New York might be the concrete jungle that “dreams are made of”, but rarely do those dreams pan out. That’s especially true when it comes to the hockey team that plays at Madison Square Garden we like to call the New York Rangers.
The Rangers are well-known for being perennial playoff contenders, but have fallen short every year since then-captain Mark Messier broke the 54-year-old curse in 1994.
New York’s biggest problem with sustained success is a lack of competent player development. This is especially true in their first-round picks.
Chris Kreider is a rare success story, but for every Kreider, there’s a Hugh Jessiman. 2018 top ten first-round pick Vitaly Kravtsov, who was traded to the Vancouver Canucks after a beyond lackluster tenure on Broadway, signed a two-year deal to return to the KHL this week.
Fillip Chytill looks like another rare success story, but his linemates on the “kid line” in Alexis Lafreniere and Kaapo Kakko still have the jury out on them on whether they can be considered draft pick successes.
The Rangers’ first-round draft picks rarely pan out.
Let’s not forget the Rangers’ last true Cup window. We’ll consider that the years from 2012-2017. The Rangers picked in the first round only three times in that span. One of those first-round picks, Brady Skjei, currently plays for a different team with the Carolina Hurricanes.
Another, Lias Andersson, who was a seventh overall pick himself, was traded to the Los Angeles Kings in 2020. The third pick is the aforementioned Chytill.
First-round picks in that timeframe were usually shipped off for veterans who came in to help New York win a Cup but often had their tenure end in less than spectacular fashion. There was Rick Nash in the 2012 offseason and Keith Yandle in 2015.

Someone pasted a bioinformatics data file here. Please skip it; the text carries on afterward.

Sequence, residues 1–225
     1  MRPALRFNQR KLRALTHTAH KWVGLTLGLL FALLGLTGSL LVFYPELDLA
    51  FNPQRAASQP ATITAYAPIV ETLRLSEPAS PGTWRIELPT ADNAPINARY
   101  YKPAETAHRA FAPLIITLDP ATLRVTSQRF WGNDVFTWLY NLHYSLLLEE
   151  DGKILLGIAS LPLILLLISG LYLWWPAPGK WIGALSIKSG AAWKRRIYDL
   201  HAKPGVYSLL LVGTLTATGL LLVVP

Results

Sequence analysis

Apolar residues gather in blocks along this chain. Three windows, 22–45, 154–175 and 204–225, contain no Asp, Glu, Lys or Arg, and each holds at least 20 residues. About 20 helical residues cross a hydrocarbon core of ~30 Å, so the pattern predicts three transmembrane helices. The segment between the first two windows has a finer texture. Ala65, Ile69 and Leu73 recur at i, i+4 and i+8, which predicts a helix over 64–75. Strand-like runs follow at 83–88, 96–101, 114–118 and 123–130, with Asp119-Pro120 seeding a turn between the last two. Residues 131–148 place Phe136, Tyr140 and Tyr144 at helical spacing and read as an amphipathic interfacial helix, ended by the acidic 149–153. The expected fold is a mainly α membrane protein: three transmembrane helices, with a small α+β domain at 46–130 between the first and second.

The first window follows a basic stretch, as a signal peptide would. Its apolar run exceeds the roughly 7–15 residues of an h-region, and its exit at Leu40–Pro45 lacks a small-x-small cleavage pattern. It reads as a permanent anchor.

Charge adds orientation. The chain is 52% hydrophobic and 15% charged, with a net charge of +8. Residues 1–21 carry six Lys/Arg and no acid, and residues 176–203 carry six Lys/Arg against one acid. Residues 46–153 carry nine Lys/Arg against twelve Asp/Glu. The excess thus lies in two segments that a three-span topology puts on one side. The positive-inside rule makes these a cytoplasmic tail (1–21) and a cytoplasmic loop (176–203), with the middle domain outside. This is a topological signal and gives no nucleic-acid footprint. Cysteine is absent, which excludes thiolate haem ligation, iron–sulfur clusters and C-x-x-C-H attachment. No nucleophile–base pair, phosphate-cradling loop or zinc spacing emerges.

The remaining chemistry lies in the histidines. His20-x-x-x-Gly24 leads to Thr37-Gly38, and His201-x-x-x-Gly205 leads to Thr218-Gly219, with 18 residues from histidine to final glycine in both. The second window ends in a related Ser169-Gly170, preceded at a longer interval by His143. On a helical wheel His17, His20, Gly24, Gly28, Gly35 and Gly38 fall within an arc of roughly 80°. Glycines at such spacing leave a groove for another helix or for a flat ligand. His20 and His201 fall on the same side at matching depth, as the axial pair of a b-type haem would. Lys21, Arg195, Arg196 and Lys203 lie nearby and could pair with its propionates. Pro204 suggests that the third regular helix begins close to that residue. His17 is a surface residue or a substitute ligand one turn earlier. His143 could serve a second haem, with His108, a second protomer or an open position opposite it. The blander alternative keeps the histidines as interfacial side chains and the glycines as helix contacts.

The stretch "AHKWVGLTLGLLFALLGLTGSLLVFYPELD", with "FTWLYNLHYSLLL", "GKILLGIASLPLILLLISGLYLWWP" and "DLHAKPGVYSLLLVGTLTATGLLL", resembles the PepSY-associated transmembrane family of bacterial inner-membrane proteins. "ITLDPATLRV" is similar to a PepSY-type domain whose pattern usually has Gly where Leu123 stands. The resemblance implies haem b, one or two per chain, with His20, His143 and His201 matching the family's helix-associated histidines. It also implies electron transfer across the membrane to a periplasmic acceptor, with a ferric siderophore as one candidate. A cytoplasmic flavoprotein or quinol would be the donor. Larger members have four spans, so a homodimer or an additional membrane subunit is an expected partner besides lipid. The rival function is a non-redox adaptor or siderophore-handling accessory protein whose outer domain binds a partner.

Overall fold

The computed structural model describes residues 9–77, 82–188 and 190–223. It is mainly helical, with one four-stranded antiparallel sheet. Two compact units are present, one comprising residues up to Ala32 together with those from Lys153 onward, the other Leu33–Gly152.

The 2014 deadline brought Martin St. Louis, who was a rare success story in the trade department, leading the Rangers to the Stanley Cup Final that season.
Following the Nils Lundqvist trade to the Dallas Stars this past offseason, New York found itself with two first-round picks in this upcoming draft. That pick was shipped away to the St. Louis Blues for Vladimir Tarasenko, with New York retaining the 23rd pick.
For what it’s worth, the Tarasenko trade had St. Louis taking whichever of the draft picks would come later between New York’s own and the traded Dallas pick.
One exception of this all has been in the crease. Quality goaltending is increasingly hard to draft and develop. The Rangers deserve credit for having Henrik Lundqvist and Igor Shesterkin providing elite stability in goal for almost three decades (plus a bit of Alexandar Georgiev in between the two).
Lundqvist is perhaps the NHL’s best seventh-round pick of the 21st century, while Shesterkin was a fourth-round selection.
The New York Rangers are a very good team. Their failure to develop these high draft picks, and instead rely on goaltending and big-name free agency prizes, might just be what’s holding them back from being Cup contenders instead of just playoff contenders.
The Rangers should start by hoping this year’s 23rd pick ends up better than Vitaly Kravtsov.